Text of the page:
Text or SMS messaging is communication that does cross cultures and languages and is perfect for subtitles since texts must be short statements or questions with no room for ambiguity. Despite (or because of) their simplicity, SMS messages cause problems for the characters in the “Love in a Puff”. Carl thumbs through Cherie’s messages and finds some from Jimmy that show she was meeting with him and not a colleague from work, giving them a reason to end a relationship that had run its course already; Cherie misses an important three word message from Jimmy that shows how much he cares for her; a phone might not be charged or might be dumped in a toilet at a crucial time. Communication is always hard despite using a device, form and syntax specifically designed to make it simple and easy.

So we have intriguing themes hung on an off-the-shelf romantic comedy plot that serves to get the characters in and out of love. The acting is minimalist and effective. Shawn Yu’s Jimmy placidly accepts what life gives him which is quite a lot, while Miriam Yeung effortlessly conveys that Cherie’s occasional emotional outbursts don’t really mean much—her very effecoent break up with Carl after living with him for five years is one example. A couple of scenes are worth mentioning. One is when the new couple goes to a love hotel very early on in their relationship. After some funny by-play—they sit in Jimmy’s car waiting for the signal from the proprietor that their room has been vacated by the previous couple—things get chancy when Cherie has an asthma attack (it had been established that she suffers from asthma even while smoking) before they even begin to undress. Jimmy finds the inhaler she has in her purse and she get through the attack. They finish the evening cuddling fully clothed on the bed with Jimmy saying that everything is fine, they don’t have to do it all in one night, making Cherie very happy although there is a twist to this tale that is revealed later on.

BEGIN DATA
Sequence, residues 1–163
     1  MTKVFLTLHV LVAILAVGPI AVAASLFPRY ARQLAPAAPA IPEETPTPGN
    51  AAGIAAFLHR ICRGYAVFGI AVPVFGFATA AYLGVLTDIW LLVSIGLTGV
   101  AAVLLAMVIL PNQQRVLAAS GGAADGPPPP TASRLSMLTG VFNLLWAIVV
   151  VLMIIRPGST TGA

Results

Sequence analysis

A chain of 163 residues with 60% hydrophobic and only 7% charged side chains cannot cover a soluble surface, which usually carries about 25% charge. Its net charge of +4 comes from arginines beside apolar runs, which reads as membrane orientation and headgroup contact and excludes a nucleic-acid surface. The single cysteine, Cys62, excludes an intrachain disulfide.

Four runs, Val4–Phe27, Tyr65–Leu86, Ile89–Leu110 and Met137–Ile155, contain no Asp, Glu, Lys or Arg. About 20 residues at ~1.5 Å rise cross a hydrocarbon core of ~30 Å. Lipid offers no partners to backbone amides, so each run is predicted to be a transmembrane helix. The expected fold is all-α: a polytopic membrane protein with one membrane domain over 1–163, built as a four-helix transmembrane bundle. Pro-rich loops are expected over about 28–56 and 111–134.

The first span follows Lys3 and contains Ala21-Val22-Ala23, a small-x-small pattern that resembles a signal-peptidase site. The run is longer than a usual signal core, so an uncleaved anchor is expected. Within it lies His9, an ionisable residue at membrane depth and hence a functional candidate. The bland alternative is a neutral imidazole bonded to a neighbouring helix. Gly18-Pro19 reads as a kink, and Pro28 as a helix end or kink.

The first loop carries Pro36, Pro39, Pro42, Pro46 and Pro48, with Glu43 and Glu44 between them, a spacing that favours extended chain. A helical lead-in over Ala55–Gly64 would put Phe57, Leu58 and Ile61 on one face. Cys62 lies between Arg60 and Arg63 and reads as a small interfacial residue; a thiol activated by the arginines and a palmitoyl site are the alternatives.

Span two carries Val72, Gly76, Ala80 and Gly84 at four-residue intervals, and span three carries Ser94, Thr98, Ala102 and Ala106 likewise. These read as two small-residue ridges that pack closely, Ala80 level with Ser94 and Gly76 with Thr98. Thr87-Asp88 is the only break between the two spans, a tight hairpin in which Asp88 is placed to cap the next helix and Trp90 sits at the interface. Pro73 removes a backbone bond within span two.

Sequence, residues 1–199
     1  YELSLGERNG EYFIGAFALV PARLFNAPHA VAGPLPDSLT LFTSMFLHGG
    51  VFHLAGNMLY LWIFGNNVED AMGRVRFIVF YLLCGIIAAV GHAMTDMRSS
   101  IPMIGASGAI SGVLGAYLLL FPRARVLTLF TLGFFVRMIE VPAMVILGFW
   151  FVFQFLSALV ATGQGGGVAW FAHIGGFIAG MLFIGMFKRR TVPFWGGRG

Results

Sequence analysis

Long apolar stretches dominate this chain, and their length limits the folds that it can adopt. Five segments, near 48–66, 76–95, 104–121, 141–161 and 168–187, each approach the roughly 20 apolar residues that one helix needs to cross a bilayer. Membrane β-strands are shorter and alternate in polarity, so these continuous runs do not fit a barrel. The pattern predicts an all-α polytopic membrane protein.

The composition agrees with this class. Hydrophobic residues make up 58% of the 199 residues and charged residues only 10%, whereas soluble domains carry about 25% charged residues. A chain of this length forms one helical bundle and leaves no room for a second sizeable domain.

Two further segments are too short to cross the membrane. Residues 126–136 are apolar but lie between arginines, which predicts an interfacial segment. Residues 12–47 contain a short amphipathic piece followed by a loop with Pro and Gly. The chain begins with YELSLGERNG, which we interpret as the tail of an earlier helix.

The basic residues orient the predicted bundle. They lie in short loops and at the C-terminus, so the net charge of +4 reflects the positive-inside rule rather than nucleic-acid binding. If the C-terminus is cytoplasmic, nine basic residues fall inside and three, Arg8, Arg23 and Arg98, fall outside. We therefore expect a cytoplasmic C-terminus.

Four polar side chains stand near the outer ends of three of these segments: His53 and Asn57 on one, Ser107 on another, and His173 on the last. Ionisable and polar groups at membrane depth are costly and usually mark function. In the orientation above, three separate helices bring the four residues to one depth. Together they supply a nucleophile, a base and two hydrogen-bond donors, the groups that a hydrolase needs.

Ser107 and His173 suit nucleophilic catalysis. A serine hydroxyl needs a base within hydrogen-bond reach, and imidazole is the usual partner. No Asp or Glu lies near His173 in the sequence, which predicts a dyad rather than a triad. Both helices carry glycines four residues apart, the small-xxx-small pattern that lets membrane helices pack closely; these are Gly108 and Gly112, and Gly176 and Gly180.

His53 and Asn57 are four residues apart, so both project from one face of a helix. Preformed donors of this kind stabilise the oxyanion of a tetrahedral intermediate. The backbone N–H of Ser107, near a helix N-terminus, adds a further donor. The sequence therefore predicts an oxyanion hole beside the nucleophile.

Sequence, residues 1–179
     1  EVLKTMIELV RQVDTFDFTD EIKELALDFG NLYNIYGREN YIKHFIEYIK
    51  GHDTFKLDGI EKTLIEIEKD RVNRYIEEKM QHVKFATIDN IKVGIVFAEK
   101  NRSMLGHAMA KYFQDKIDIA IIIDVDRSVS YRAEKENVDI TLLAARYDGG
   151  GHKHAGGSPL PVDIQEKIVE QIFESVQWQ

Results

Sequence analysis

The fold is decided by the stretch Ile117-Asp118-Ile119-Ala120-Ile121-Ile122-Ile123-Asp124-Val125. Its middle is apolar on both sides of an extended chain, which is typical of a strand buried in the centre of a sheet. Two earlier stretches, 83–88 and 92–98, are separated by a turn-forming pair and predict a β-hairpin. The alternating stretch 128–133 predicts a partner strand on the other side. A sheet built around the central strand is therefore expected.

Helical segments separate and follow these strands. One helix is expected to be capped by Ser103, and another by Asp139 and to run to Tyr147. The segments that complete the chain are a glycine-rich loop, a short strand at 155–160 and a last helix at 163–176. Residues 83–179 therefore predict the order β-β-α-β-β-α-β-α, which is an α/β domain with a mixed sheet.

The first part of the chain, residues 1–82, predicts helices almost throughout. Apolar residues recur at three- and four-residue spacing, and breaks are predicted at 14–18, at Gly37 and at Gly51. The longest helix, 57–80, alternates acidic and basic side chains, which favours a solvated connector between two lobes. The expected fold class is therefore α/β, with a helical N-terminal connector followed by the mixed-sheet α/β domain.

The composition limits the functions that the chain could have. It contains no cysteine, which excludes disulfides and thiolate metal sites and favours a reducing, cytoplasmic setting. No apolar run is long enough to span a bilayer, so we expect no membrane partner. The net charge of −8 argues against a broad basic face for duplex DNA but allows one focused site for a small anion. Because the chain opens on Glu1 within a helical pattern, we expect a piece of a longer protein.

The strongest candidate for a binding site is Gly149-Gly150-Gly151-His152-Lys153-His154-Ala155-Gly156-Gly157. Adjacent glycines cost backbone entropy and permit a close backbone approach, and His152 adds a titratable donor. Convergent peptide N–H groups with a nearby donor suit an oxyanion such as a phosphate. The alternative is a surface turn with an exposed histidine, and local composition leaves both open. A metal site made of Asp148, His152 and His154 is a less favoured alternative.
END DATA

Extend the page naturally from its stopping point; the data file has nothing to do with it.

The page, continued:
Another scene is the end of the movie. The government of the SAR has toughened the anti-smoking laws even more by levying a steep additional tax on cigarettes. On the evening before it goes into effect at midnight they are driving around various parts of Hong Kong buying as many cartons that they can find. While driving to a distant part of the area the car breaks down on an otherwise unused expressway overpass that has (as it must) one of those breathtaking views of Hong Kong at night. This gives Jimmy and Cherie the time to bicker, fight, come to a realization and decide that they are truly in love, sealing it with a mutual pledge to stop smoking by calling their friends and trying to unload the hundreds of cartons of cigarettes they have just purchased.

Even though “Love in a Puff” is full of local color and local references that will escape the non-Cantonese speaker and even more that won’t register unless one knows Hong Kong well it is still well worth seeing, particularly for fans (of which I am one) of Edmond Pang Ho-Cheung.
Reviewer Score: 6